And what else? Big sway bars? Giant Brembo rotors? F1-style pushrod suspension? Not here. Just some basic and simple bolt-ons help maximize the car's potential on the track, proving the inherent good quality of the chassis. It would take far more to make most other compacts this competitive around the track. Other competitive Street Modified compacts often have more enhancements under the skin, which the Focus' vaunted platform simply doesn't need to stay at the top of its class.

Like most serious autocrossers, Aaron has two separate sets of rolling stock-one for the street and one for the track. For the street, his SVT looks sharp rolling on 17x7 Kazera alloys shod with P215/40R17 Toyo TS1 high-performance tires. For autocross days, Aaron switches to his other set of wheels and tires: lightweight Kosei K1s wrapped in P205/40R17 Hoosier R3S04 R-compound race tires that are also DOT-legal for street use. He retained the stock 17-inch wheel size for both his street and race rolling stock-in the world of performance driving, bigger wheels aren't necessarily better. Huge wheels are often heavy while extremely low-profile tires often lack the compliance necessary for good handling on real-world roads.

Interior enhancements consist only of items needed for track use, though the simple honesty of the accessorization gives it an appealing businesslike look. Sparco Speed seats and a Sparco harness keep Aaron firmly ensconced in the proper driving position, while a grippy Sparco steering wheel provides a wonderful interface to the Focus' excellent steering rack.

That's basically it-no wild body kits, no suspension airbags, no retina-searing paint job. This car is all about excelling on the track while retaining day-to-day usability. It's also a textbook example of what makes autocrossing so appealing on so many levels-the car you use every day can also be a weekend warrior, giving it a true dual-use personality. Using the right car as a base, one can spend a relatively small amount of money to create a dominant force on the autocross circuit. All the modifications to Aaron's SVT Focus consist of simple and economical bolt-on components. We know of many show-stopping cars with thousands of dollars' worth of modifications that have far less usable performance than this car does.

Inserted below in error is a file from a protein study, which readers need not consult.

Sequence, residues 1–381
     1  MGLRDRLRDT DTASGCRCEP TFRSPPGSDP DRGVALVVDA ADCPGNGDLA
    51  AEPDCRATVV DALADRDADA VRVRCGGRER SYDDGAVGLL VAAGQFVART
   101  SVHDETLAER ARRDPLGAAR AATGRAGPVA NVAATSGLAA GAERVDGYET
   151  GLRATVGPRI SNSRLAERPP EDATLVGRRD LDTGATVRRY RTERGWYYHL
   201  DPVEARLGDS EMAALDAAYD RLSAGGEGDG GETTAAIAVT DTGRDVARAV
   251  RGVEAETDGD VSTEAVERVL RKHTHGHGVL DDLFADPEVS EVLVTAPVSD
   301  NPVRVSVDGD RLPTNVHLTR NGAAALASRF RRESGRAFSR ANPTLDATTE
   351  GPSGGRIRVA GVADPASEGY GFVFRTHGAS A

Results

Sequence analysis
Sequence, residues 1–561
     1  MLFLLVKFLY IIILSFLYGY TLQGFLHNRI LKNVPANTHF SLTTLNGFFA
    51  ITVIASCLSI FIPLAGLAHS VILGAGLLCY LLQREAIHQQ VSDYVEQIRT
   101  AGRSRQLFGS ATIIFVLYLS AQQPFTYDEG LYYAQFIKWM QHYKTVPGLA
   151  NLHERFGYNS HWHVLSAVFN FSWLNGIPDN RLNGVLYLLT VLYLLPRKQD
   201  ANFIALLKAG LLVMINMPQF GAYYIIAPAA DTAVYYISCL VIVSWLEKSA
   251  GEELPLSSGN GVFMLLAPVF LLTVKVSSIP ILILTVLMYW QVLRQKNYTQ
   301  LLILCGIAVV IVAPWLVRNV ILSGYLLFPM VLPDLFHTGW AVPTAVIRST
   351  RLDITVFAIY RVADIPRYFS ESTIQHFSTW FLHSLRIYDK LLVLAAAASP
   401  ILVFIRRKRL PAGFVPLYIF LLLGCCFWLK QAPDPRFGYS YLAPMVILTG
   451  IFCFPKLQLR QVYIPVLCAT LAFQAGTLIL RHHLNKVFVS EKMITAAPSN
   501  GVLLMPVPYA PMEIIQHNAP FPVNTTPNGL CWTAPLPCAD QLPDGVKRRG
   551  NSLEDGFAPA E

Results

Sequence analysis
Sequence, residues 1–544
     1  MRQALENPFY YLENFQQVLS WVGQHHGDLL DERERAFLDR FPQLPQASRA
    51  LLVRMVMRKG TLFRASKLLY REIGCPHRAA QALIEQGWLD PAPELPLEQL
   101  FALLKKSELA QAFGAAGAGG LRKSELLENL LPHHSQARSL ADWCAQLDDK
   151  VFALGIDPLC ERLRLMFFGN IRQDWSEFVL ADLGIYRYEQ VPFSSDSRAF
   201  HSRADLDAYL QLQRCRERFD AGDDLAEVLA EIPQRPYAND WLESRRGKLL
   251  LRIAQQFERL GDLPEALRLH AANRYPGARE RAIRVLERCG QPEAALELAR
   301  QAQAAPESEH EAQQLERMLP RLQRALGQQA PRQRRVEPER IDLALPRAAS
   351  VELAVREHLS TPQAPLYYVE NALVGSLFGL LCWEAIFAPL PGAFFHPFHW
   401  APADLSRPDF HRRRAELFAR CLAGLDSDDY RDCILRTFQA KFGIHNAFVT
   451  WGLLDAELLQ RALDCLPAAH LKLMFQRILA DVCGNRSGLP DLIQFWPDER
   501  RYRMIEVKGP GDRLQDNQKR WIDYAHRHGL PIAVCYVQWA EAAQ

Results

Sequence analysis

Ford designed the Focus to be all about dynamic excellence in a practical and stylish package. The car's popularity among car enthusiasts, motor journalists, and amateur racers alike is testament to Ford's success with the Focus' engineering and development. And with the low cost of entry into the world of autocrossing, all the engineering that went into its chassis can be put to full use on just about any budget. Entry into an autocross event typically runs around $25, and numerous classes exist for just about any type of car or level of modification-even bone stock. To become a competitive autocrosser, Aaron's monetary investment was minute in the grand scheme of things: a few well-placed bolt-ons, an SCCA membership, and the token entry fee for each autocross event.

Try it. Like Aaron Williams, you might find yourself hooked on one of the most fun-and legal-things you can do on four wheels.